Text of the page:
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Geo600 search for gravity waves

  1. Feb 20, 2010 #1

    AWA

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    About a year ago there was some buzz about a background noise that scientist Craig Hogan interpreted as possible evidence of the texture of space and confirmation of the holographic principle. I believe later on the noise was explained as misadjustment of the machine. Anybody aware of the last news on GEO600 experiments on gravity waves? Was the background noise confirmed as an artifact?
     
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  3. Feb 20, 2010 #2

    Stingray

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    I heard Hogan give a talk on this a few months ago. From what I remember (which might be wrong!), the noise discrepancy is still unresolved. Its spectrum doesn't really match what Hogan predicts, and it wouldn't really have any statistical significance if it did. Still, it's tantalizing, and they're planning a dedicated experiment at Fermilab.
     
  4. Feb 21, 2010 #3

    AWA

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    Thanks for the update Stingray. It's indeed intriguing though, I'm looking forward to hearing something about that experiment. I personally don't think these guy at Hannover are going to find what they are looking for in the first place (gravitational waves) since I don't think they exist, and the much talked about paper by Verlinde might point in that direction. But it is always interesting in science to come up with unexpected results, as in this not yet elucidated "quantum noise", as long as is not some silly detector out of tune
     
  5. Feb 21, 2010 #4

    bcrowell

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    If gravitational waves don't exist, how do you explain the perfect agreement between theory and observation in the orbital decay of the Hulse-Taylor pulsar? The system is losing a huge amount of energy, and the rate at which it's being lost is exactly what GR predicts for emission of gravitational waves.
     
  6. Feb 21, 2010 #5

    nicksauce

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    Verlinde's paper derives Einstein's equations from the holographic principle (and some other things). Einstein's equations imply gravity waves. So how does Verlinde's paper point in that direction?
     
  7. Feb 21, 2010 #6

    AWA

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    Bcrowell, of course I can't explain that and I don't intend to,if I could I'd be famous :)
    Perhaps I released that personal opinion a bit too lightly. My only point being that they haven't been detected yet, therefore my interest in GEO600 and LIGO experiments.
    As for Verlinde's paper, I was thinking of the second paragraph on point 6.1 of the conclusion, is it totally out of the question to imply from that and the rest of his view of gravity as entropic force that he aims to challenge some assumptions of General Relativity such as gravitational waves? Not that he refers to gravitational waves anywhere on the paper but his perspective on gravity could implicate it in some way if proven right.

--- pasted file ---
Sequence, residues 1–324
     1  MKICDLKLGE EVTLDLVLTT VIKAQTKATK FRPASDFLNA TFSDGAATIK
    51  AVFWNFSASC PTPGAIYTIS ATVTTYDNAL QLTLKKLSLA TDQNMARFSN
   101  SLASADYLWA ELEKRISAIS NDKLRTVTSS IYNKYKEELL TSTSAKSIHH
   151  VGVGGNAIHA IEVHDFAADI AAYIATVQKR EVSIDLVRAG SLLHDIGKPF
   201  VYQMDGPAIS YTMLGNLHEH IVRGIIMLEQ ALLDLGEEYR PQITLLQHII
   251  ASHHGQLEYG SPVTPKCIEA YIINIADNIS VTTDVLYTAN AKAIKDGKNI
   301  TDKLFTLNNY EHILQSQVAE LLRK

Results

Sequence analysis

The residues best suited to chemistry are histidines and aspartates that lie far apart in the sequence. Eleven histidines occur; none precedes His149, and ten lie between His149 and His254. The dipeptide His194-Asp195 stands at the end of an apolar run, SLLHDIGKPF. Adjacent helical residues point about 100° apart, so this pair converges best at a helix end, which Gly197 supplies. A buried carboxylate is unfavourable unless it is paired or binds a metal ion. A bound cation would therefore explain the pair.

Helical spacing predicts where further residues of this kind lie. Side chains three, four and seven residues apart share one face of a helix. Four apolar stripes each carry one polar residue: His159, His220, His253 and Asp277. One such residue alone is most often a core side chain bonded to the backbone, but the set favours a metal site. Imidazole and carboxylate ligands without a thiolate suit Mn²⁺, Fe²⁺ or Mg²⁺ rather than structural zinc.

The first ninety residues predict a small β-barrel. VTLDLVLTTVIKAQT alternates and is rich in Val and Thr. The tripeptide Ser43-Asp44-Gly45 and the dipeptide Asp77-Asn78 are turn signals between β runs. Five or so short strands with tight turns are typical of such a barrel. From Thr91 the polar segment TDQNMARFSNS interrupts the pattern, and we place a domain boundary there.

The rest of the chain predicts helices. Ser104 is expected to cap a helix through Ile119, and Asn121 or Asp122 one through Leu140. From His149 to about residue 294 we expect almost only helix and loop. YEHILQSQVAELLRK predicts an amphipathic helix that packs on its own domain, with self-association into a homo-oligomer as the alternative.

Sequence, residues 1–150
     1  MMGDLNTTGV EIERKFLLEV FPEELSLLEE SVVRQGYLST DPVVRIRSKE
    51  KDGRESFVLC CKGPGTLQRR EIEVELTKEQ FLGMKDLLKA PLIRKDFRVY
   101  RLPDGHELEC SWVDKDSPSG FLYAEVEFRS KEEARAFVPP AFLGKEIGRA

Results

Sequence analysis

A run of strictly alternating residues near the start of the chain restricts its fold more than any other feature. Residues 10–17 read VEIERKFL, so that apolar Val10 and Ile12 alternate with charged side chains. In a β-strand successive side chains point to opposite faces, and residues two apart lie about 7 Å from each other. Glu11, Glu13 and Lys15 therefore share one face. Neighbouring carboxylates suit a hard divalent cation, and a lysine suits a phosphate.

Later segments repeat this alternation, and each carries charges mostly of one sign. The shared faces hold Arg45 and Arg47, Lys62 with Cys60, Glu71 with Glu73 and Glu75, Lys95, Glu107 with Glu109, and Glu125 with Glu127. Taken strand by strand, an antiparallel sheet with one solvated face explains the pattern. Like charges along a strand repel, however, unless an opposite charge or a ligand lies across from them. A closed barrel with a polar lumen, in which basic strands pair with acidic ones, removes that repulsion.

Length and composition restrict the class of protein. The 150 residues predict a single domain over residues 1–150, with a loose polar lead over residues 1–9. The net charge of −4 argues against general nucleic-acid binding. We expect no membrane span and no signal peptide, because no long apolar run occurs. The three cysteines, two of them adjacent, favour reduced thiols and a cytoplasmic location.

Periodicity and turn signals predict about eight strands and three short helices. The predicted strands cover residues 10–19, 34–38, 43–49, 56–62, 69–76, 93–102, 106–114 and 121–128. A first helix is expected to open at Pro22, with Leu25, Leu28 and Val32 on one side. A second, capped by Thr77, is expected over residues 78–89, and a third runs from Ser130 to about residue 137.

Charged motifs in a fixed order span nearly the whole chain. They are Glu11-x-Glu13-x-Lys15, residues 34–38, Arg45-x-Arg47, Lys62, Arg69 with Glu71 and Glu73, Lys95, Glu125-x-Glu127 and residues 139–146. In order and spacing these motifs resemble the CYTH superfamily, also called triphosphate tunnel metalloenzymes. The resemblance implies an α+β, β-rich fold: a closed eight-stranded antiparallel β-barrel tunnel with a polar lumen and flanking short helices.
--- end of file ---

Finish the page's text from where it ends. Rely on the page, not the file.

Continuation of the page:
8. Feb 21, 2010 #7
    You don't accept the evidence of general relativity?
     
  9. Feb 22, 2010 #8

    AWA

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    I skeptically(as any scientist should) accept GR as a good approximation until some other theory is capable of explaining facts better or in simpler ways or fitting more with the rest of physics theories. But I wold think this is kind of obvious, as all theories are provisional.
    We should not forget that "evidence" or facts that were taken as evidence in certain historical settings were subsequently interpreted differently.
    Do you believe GR is the Final theory about gravity and spacetime?
     
  10. Feb 22, 2010 #9

    Stingray

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    A lot of people try to make up alternatives to general relativity in order to test its limits. As far as I'm aware, they all include gravitational waves (although details may vary). It is almost automatic that a relativistic theory of gravity must have wavelike solutions.
     
  11. Feb 22, 2010 #10
    Skepticism is valid in the face of contradiction, but to tout skepticism in the context you do is like saying you are agnostic. You either support the scientific and technological advancement of mankind through innovation and reason, or you do not.
    Not all theories are "provisional". Are Math theories "provisional"? exp(x) isn't "provisional", but needs to be used in the correct context. Relativity need to be used in the correct context. We already know it's not a unified theory, or it would be called precisely that.

    Why is it you think the Max Planck Institute for Gravitational Physics is spending so much on their research, if after 100 years no better theory to explain orbital decay of objects such as psr 1913+16?
     
  12. Feb 22, 2010 #11

    AWA

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    Before I'm burned at the stake for my "gravitational" heresy I'll settle the question by saying that skepticism is always healthy as opposed to dogmatism that I'm starting to get a glimpse of around here; science is also questioning the stablished once in a while.
     
  13. Feb 22, 2010 #12
    Fixed.

    If science is not dogmatic in it's principles, then there would no framework of understanding that we take for granted today.
     
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